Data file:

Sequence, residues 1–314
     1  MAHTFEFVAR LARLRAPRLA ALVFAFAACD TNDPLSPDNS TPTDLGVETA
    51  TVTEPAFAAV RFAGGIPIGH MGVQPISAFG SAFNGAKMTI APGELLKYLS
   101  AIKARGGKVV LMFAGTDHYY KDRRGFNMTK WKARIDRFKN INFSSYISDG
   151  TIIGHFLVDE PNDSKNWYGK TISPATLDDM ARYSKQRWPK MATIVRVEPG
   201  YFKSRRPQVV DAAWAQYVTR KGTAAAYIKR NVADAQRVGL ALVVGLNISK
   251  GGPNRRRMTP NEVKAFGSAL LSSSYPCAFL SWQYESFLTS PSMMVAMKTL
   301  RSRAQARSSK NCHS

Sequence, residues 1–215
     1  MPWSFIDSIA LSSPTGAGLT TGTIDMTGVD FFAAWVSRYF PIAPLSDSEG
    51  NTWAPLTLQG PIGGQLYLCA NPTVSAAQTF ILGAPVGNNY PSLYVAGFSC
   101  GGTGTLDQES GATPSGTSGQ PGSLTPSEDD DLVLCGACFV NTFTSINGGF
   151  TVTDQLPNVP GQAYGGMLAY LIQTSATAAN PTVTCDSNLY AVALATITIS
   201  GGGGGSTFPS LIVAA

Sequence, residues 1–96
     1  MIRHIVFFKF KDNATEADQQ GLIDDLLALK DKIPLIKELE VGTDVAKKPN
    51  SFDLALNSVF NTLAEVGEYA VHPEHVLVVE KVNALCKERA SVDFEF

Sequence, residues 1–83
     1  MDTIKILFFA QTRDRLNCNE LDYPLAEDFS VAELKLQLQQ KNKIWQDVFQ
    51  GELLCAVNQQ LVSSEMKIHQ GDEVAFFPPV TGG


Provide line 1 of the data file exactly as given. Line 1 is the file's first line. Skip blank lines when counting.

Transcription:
Sequence, residues 1–314